Ascension is desperately in need of a clean tactical map, to sit alongside its moody isometric representation of the claustrophobic corridors. There’s a first-person camera shown at the top-right of the screen whenever a unit is selected, and it’s a lovely atmospheric touch that calls back to the 1993 adaptation and its panic-inducing time-limited engagements.

Robbing the Terminator player of the safety of a turn-based mode was the original computer adaptation’s big gamble. Each mission, crucially, still followed the formula explained above – control of space and perimeters – but planning for survival and victory was a panicked and pressured affair. Ascension doesn’t attempt anything quite so bold but does build on the boardgame and last year’s release by introducing persistent abilities and choices across three campaigns.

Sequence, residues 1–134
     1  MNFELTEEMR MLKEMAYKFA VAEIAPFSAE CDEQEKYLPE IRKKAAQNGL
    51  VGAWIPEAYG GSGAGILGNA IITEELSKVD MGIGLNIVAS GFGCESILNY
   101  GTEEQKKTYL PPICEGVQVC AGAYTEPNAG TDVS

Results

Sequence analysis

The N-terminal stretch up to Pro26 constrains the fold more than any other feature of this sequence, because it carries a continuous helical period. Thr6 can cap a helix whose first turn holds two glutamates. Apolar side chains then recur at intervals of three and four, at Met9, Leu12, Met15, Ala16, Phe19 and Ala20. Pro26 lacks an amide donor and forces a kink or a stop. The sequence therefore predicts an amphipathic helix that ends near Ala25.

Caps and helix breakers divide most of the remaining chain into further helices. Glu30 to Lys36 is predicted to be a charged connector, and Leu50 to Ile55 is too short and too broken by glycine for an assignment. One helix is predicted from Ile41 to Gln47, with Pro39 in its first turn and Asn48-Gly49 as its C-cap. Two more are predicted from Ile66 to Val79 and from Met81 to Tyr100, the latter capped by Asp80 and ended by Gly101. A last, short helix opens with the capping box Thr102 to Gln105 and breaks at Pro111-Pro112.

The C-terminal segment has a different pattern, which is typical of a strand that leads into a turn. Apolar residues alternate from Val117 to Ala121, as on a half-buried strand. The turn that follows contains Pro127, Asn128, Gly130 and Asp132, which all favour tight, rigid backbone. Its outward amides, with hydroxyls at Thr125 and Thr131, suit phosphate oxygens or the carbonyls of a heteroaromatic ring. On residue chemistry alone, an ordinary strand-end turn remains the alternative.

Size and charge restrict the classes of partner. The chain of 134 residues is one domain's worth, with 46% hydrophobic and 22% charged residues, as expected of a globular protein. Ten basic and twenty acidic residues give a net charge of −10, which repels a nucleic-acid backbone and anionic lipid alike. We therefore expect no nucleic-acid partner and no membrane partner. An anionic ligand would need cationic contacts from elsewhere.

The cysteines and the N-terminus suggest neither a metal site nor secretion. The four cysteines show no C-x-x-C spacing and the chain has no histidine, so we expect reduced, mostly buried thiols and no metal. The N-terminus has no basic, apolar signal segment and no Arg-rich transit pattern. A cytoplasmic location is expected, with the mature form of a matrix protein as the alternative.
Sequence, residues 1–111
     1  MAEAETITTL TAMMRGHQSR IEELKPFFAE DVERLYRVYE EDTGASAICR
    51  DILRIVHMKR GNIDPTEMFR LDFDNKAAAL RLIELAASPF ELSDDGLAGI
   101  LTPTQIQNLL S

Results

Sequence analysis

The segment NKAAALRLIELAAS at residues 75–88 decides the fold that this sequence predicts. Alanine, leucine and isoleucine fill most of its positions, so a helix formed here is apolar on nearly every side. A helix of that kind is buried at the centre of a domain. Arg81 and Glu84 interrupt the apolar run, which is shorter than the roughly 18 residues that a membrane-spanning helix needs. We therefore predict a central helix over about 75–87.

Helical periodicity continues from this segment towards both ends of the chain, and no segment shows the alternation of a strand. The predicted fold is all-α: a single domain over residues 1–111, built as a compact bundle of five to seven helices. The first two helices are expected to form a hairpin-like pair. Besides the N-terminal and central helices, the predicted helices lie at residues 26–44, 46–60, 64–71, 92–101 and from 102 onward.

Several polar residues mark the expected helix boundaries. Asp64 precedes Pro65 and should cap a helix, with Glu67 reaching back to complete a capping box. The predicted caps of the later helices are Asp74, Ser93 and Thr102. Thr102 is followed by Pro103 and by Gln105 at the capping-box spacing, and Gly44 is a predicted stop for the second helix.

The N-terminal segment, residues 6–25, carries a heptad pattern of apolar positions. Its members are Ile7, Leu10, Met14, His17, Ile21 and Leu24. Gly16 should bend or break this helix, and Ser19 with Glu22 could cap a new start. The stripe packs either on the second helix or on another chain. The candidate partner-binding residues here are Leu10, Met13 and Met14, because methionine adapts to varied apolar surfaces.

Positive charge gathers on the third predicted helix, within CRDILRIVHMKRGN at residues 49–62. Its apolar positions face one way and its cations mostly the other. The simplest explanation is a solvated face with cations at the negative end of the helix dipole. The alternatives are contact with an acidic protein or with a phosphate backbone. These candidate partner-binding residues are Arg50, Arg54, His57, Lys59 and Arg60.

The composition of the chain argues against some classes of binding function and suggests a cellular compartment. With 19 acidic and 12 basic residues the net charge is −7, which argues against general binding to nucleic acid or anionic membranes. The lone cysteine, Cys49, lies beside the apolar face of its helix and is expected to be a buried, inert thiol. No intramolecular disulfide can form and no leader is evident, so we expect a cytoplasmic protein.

The campaigns work. Three Space Marine chapters are represented, with the Ultramarines a completely new addition (the others are last year’s Blood Angels and the Space Wolves, previously available as DLC). There are branching missions, weapon and skill upgrades and flash points at which mini-missions within missions are triggered, offering high risks for (possible) plentiful rewards.

It’s a rich bounty, with more than a hundred missions across the trio of campaigns, and Full Control have given their digital adaptation a life beyond the tight rules of the boardgame, without directly contravening or discarding them. As well as automating genestealer movement, in a similar fashion to the boardgame’s Deathwing expansion, Ascension adds layers of complexity in the guise of new weapon and enemy types.